For example: consider a technology like Square coupled with a store of value such as Bitcoin. (In this example, the terms "Square" and "Bitcoin" are just placeholder values for mechanisms and tools). Oversimplifying greatly, if we take these technologies to their logical extreme, we have the tools for an individual to completely bypass banks and traditional governments. You have some goods that I want, I have some Bitcoins, we do a point-to-point transfer; you get the money, I get the donut, end of transaction. Truly savvy users in this system will have their own way of transmitting the money from themselves to the merchant. I'll choose to trust someone like Square to do it safely and securely for a nominal fee.
Whether or not you agree with the mechanics of how this happens isn't really the point. The point is to show that we are heading towards a future where two individuals can transact freely without a middleman "getting in the way." For the purposes of this discussion, "getting in the way" means limiting the freedoms of those individuals to transact as they please.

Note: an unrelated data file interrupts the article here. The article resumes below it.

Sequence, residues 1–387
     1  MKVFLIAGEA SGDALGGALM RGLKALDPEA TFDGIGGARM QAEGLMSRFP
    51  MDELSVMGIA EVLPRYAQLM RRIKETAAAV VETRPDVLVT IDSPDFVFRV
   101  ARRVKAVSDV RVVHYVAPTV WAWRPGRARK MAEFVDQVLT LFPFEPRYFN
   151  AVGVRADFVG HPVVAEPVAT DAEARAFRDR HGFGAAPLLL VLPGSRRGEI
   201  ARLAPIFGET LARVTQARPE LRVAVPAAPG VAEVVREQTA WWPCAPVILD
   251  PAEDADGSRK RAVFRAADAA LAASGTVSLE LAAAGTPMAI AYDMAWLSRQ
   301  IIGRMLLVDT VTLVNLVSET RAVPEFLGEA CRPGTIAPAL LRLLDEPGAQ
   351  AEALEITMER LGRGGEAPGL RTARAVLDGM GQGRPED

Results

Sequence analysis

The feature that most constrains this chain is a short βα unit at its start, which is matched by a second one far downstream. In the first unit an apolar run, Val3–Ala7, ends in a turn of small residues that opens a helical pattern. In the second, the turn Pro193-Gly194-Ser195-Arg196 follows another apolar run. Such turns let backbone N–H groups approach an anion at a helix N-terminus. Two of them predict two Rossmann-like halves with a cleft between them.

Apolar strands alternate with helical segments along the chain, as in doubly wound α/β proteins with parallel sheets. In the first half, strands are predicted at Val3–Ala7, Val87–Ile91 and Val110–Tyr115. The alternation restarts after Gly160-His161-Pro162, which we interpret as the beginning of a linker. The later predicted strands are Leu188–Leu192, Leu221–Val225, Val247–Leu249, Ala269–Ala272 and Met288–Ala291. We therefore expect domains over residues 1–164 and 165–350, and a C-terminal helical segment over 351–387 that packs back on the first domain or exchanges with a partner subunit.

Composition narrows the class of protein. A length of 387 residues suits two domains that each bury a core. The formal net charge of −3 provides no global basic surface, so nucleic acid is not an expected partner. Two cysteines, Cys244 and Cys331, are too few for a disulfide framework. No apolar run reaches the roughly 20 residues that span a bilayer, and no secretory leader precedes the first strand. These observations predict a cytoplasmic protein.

Of course, there are problems with this. If there are no rules, inevitably someone will game the system or take advantage of someone else. That'll be unpopular, and so people will seek to band together to transact in a network of trust. The idea of a network of trust is important today, it's value will only increase over time. I can't remember the exact term, but I read a wonderful book some years ago called "Anarchy, State and Utopia" which dealt with the philosophy around these types of issues (it's a pretty academic book, but here's a link in you'd like to see - http://amzn.to/18883MU - and yes, that's a kickback link).